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Adrian Newey

Newey still enjoys 'Eureka' moments despite record F1 success

Despite being the most successful F1 designer of all-time, Adrian Newey still enjoys special 'buzz' moments when at his drawing board.

Newey Ferrari Singapore
To news overview © XPBimages

Despite designing his way to an incredible 25 Formula 1 titles over the years, Red Bull's Adrian Newey has described how he still enjoys 'eureka' moments.

Newey is F1's preeminent designer, having won titles with Williams, McLaren and latterly Red Bull, guiding the likes of Nigel Mansell, Alain Prost, Damon Hill, Mika Hakkinen, Sebastian Vettel and Max Verstappen to title success.

Since 1992, a Newey designed car has won the Constructors' 12 times, and picked up 13 Drivers' titles - with his latest creation in the RB19 being the most dominant of them all with 21 wins from 22 races in 2023 and a record 860 points.

As Chief Technical Officer of Red Bull, a lot of the day-to-day design work is actually done by the team below Newey including Pierre Wache and Ben Waterhouse, but Newey still spends time at his famed drawing board - where he describes the rare moments of a 'eureka!' moment.

Newey's 'eureka' moments

"They’re rare but they do happen, and they’re very satisfying," Newey told TopGear of these so-called 'eureka' moments.

"You might think it’s the best idea ever, but you have to be very disciplined about proving it out. It’s a long process, but if it results in something that goes on the car and the car then goes faster that’s very satisfying.

"Once you take reliability out we really only have one master and that’s the stopwatch.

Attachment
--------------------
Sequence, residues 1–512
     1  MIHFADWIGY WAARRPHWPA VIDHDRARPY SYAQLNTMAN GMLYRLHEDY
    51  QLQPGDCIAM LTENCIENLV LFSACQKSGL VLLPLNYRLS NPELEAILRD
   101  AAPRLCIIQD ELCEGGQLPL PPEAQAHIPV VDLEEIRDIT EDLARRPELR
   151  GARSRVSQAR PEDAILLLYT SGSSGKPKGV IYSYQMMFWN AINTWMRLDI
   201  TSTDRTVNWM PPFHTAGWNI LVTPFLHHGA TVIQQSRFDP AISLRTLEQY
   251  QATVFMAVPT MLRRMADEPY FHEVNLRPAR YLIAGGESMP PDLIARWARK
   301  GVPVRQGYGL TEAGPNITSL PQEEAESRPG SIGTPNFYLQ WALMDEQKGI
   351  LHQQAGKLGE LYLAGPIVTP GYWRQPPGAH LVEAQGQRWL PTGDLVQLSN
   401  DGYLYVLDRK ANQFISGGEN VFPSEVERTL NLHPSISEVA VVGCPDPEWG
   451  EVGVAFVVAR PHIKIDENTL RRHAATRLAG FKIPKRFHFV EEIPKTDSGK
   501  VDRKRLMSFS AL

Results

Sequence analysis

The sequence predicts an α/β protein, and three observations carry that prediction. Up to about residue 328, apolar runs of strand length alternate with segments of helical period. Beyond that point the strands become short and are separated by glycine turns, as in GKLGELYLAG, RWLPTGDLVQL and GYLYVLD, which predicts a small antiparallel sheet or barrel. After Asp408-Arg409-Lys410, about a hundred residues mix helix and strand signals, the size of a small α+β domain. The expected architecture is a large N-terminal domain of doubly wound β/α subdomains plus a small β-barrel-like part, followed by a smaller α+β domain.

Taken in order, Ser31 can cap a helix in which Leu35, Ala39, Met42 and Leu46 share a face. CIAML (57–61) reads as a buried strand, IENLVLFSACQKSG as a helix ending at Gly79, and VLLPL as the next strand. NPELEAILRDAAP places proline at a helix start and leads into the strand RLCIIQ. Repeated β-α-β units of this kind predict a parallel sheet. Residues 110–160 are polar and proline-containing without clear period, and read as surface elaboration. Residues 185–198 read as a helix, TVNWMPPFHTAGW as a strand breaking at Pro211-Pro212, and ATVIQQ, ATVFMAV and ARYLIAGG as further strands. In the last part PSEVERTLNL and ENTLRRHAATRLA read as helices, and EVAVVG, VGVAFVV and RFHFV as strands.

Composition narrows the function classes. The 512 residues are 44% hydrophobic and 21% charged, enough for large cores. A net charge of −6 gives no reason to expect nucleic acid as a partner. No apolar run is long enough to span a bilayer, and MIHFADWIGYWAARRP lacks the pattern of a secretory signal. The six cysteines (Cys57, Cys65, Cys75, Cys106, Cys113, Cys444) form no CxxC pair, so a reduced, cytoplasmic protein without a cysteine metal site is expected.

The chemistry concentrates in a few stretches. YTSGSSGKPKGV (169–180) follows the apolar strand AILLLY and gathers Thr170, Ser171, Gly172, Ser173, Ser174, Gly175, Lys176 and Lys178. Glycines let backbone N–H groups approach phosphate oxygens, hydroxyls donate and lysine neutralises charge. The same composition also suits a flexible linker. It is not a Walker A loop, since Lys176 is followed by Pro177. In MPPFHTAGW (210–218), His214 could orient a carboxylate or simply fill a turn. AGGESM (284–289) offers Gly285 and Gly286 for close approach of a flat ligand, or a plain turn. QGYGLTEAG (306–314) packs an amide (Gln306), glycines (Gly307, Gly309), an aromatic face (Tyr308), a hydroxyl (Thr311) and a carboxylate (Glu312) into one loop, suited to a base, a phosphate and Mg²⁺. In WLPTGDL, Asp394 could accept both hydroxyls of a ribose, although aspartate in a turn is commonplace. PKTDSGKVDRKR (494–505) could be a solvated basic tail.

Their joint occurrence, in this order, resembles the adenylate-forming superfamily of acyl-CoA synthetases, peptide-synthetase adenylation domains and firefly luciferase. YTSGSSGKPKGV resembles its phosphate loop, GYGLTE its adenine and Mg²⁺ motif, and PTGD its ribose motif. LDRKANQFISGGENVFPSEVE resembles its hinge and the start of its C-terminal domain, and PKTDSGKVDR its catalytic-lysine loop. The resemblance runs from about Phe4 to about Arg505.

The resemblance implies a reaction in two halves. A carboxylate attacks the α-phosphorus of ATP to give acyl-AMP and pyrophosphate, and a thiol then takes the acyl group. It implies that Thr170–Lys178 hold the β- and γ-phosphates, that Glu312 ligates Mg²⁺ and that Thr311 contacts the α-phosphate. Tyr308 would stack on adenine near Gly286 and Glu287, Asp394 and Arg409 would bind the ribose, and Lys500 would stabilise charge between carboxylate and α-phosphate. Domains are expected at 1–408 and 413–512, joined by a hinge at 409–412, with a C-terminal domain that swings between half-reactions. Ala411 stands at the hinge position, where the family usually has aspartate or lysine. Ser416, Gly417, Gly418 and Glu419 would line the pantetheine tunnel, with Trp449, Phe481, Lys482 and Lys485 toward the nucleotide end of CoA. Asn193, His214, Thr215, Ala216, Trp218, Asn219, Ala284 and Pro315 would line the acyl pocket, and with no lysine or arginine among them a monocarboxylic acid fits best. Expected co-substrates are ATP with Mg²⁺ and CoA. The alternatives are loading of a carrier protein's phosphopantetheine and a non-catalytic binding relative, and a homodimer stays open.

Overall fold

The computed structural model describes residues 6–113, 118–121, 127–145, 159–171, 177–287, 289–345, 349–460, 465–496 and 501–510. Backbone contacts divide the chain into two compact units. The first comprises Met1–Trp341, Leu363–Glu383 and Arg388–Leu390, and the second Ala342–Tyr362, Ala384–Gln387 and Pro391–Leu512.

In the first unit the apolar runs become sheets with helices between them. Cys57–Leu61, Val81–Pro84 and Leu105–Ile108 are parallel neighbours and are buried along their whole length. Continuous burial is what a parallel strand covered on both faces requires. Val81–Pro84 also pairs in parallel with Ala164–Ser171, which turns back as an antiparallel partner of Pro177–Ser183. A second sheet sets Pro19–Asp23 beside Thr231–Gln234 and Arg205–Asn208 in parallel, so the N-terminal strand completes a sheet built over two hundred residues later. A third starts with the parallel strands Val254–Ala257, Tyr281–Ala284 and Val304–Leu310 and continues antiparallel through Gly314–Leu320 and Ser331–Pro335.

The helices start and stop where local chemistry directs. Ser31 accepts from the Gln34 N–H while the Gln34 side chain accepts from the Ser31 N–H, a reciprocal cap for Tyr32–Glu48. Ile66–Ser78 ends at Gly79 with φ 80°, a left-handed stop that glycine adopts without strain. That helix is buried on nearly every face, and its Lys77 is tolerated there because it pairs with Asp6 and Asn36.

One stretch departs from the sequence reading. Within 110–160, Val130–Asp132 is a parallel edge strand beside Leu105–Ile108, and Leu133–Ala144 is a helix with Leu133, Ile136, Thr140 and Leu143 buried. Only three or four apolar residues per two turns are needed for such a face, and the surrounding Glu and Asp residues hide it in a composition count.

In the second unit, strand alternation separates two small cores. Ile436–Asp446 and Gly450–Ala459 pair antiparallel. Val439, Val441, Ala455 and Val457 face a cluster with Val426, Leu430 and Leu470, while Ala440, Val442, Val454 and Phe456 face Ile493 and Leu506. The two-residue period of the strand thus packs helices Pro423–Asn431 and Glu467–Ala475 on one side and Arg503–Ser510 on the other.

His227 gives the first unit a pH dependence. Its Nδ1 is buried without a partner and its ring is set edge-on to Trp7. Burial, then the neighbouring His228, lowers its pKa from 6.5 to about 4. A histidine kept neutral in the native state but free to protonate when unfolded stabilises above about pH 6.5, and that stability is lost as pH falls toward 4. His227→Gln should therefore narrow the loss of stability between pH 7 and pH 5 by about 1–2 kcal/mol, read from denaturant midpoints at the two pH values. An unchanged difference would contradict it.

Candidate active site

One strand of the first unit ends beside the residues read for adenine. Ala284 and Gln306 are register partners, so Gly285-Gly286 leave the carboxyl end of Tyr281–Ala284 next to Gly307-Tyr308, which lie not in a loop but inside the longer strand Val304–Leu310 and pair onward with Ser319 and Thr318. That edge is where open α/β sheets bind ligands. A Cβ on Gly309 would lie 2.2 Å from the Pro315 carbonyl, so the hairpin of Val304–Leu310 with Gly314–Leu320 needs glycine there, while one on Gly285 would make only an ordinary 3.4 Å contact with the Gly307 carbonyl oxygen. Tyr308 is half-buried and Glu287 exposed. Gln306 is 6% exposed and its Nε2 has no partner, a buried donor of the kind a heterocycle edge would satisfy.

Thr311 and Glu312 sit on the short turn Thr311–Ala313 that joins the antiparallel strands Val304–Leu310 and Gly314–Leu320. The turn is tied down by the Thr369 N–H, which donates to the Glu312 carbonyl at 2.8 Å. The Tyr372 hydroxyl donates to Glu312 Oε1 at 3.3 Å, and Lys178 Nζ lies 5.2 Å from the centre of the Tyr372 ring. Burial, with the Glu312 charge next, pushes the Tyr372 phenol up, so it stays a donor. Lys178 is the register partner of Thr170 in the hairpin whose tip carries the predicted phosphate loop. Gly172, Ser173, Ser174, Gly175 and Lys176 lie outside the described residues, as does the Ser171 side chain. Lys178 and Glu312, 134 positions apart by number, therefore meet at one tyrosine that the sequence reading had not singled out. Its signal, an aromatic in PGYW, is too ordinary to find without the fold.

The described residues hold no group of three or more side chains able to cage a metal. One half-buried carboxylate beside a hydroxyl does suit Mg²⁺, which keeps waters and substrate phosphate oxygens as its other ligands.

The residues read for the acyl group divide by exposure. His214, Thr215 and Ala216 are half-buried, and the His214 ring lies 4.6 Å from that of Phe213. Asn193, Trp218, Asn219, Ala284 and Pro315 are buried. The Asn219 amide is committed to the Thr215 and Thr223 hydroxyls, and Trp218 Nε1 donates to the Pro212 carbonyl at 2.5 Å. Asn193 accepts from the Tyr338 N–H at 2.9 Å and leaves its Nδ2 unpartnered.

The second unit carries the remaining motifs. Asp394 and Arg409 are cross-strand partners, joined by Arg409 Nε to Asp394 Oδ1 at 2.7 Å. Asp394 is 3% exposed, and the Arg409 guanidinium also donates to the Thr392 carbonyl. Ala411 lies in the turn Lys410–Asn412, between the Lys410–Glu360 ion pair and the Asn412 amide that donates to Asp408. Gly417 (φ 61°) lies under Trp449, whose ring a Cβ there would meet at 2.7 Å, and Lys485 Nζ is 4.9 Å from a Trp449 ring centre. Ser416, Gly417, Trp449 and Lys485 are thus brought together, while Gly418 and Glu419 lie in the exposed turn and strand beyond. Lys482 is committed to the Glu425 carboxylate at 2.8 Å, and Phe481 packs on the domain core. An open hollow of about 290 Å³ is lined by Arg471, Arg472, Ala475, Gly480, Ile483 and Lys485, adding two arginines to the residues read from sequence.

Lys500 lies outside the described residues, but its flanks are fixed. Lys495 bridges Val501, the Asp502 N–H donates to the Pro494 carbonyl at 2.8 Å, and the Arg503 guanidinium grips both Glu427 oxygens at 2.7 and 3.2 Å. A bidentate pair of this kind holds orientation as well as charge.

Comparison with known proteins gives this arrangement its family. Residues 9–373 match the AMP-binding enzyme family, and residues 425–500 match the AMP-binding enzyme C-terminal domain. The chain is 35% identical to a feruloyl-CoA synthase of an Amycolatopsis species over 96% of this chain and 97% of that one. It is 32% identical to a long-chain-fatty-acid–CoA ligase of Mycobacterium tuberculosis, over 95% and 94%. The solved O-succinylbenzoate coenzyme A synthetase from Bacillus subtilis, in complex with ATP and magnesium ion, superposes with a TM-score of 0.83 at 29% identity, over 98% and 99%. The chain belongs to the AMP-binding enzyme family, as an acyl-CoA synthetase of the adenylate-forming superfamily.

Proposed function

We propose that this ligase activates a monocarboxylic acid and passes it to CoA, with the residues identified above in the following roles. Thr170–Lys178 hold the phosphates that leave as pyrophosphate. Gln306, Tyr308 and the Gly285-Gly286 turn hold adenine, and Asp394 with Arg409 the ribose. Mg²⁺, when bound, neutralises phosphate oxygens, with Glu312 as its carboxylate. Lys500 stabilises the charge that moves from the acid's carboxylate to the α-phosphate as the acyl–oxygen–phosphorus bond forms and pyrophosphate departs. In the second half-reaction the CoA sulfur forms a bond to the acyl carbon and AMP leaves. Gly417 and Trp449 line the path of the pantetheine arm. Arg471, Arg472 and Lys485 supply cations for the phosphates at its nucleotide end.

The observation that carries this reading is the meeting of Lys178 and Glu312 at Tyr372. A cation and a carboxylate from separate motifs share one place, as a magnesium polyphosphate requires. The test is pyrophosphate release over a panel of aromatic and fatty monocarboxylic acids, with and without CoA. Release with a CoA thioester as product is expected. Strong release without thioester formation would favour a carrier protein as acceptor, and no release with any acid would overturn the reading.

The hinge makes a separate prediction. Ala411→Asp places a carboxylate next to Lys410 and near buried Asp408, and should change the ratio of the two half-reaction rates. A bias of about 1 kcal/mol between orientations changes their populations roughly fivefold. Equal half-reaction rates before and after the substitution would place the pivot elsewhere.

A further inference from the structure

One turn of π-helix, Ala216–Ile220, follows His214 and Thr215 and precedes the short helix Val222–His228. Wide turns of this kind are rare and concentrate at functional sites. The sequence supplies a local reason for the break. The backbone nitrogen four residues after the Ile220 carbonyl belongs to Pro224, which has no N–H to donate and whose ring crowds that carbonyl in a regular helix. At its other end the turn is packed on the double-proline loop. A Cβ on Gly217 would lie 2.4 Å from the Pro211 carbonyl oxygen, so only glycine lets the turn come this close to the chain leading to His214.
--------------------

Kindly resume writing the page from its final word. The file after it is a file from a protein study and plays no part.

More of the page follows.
"The drawing board is a way for me to get the ideas out of my head and onto a medium I can develop them with, but you still need that spark.

"The subconscious is an amazing thing. I’ve had it many times when I’m stuck on something, give up and go and have a coffee or something. One day, one week, one month later, and a solution pops up.

"That comes from experience. It also taps into the managerial and developmental side of my job.

"Working with my colleagues is an aspect I really enjoy, and even if I feel an idea isn’t a good one it’s possible I could be wrong. I certainly don’t want to stifle anyone’s creativity, and it’s important to be encouraging. But we also have to be efficient, especially in the cost cap era."

Red Bull's CTO also touched briefly on the increased use of AI in F1 over the coming years - and believes that it is already present, to a degree.

"At some point it will, but it’s much more difficult to ascertain the timeline," he said.

"AI is a broad buzzword term but it’s really an extension of ‘machine learning’ with a bit of internet thrown in, and that’s been around for ages.

"We’ve been using stress analysis optimisers for years [FEA or finite element analysis] but the human ultimately still seems to be better than the optimiser. It’s a tool but they absolutely do not replace the human."

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